I wait, blindfolded.

As soon as the music starts, it’s ten minutes of chaotic breathing through the nose, full throttle, to get the energy up. At the second movement, catharsis: everything that comes up must come out. Cries, tears, grunts and groans fuse all around, many emotions are released, bodies convulse and roll on the ground. In the third movement, jump on the spot for ten minutes without letting up, arms in the air, shouting “Hoo! Hoo!” every time the body bounces back off the floor. Ignore the fatigue and sustain the effort until “STOP!” booms from the microphone. Freeze on the spot, exactly in the position you are in, even if it is inconvenient. A time of silence. Sometimes the cry of a bird. Finally comes the last stage of the meditation, a free dance of celebration.

Under the aegis of Neeraj, an adorable Ethiopian with a reed-like body, African dance awakened primitive energies. I saw myself beating the African soil with my bare feet, moving my hips, opening my thighs, shaking my hair, finding my primal state, I was possessed. One with all, one and powerful, light and roaring like the drums that shook through my belly. On the other hand, Gurdjieff’s dances, which consisted of a sequence of movements that were both simple and skillful, demanded perfect control of the body and mind. As for the Music Group, it was now guided by the fiery Anubhava who set us ablaze by leaping in the air with his guitar.

Dancing is one of the most spiritual things there is. If you really dance, you cannot think; if you really dance, the body is used so deeply that the whole energy becomes fluid… the dancer is lost, only the dance remains.

The Beloved.

For the whirling dervishes, Sufi dance is a way to achieve mystical exhilaration. To the powerful sounds of the daf, the drum that accompanies the intoxicating melodies of the ney, a simple reed flute, the dervishes start by turning slowly, arms crossed and hands on the shoulders, then they spread their arms, the right hand turns to the sky and the left hand to the ground. It is both a floating and a grounding. To get into the movement I began by turning around one of the poles that supported the roof of Buddha Hall. Then, when I gained some confidence, I jumped into the void and whirled, slowly gaining speed until the slow gyratory movement carried me away, unless I should let some thoughts intervene and lose my balance. Sufi dance is a sacred art.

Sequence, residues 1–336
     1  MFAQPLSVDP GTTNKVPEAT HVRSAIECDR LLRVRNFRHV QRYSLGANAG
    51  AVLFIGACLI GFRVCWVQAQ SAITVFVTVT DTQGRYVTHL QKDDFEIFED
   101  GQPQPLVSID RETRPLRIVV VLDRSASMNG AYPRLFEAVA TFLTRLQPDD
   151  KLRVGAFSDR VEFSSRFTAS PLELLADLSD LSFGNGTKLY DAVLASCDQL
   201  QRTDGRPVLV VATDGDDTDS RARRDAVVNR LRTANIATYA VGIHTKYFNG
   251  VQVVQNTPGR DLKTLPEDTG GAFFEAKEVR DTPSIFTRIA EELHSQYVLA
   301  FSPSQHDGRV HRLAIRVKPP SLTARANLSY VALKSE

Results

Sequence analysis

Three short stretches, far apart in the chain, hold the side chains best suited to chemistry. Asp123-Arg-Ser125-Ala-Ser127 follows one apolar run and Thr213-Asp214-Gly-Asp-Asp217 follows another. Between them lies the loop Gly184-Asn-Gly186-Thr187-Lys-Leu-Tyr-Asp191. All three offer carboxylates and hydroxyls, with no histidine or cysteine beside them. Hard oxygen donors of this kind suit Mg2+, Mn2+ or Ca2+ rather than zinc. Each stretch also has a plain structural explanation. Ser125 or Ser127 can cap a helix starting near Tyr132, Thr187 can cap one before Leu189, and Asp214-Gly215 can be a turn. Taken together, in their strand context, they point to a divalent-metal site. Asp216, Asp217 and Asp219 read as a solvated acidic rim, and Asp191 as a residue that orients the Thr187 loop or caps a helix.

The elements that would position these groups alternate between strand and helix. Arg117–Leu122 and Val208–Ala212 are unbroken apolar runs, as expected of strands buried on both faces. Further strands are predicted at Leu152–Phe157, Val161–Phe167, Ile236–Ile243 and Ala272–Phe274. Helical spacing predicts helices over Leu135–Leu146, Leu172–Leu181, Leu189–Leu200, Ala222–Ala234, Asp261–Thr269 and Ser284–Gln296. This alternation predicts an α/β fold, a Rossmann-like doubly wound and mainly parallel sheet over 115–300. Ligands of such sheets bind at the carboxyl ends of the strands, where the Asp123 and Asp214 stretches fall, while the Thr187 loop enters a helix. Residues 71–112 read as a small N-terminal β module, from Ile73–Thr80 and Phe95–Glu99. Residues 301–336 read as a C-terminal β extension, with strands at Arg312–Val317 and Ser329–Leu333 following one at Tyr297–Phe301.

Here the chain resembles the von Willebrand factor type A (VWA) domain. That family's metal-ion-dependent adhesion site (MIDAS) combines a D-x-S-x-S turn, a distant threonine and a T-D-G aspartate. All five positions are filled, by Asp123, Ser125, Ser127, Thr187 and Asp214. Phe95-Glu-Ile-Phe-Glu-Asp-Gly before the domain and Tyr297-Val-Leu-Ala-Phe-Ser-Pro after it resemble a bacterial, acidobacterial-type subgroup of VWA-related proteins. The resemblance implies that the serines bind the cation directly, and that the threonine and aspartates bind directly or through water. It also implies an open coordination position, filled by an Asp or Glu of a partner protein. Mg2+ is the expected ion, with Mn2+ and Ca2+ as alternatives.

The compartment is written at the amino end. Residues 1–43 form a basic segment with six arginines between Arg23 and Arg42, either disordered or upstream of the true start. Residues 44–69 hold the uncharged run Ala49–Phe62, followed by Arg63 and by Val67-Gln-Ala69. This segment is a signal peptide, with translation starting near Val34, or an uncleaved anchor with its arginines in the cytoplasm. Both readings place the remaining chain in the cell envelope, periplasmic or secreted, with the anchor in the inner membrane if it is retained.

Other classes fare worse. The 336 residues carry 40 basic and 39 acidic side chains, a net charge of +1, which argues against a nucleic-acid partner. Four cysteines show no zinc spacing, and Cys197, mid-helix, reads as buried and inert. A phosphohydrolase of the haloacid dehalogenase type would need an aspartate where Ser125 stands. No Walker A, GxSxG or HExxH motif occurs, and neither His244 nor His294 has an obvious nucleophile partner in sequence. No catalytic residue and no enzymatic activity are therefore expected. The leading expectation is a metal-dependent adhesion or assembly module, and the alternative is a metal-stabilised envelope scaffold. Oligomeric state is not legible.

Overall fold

This whirling, Sufi whirling, is one of the most ancient techniques, one of the most forceful. It is so deep that even a single experience can make you totally different. You have to whirl with open eyes, just like small children go on twirling, as if your inner being has become a centre and your whole body has become like a wheel, moving—a potter’s wheel, moving.

Wings of Love and Random Thoughts.

Excerpted from Anasuya’s recently published book, ‘All the Colors of the Rising Sun’

Read Sandhano’s review or another excerpt: Left in the dark

Available as Kindle or Paperback from amazon.comamazon.co.ukamazon.deamazon.fr – also check your country’s outlet – amazon.in (Kindle only)

Abasuya

Anasuya (aka Deva Prashna) was born in the South of France, studied Literature in Paris and went travelling all over the world for 9 years. In 1976 she arrived at the Poona ashram and stayed in Osho’s communes for 15 years, from India to Oregon and back to India. After Osho’s death she moved to Lucknow and stayed with H.L. Poonja until his death. Since 2000 she has been back in Europe translating spiritual books and writing.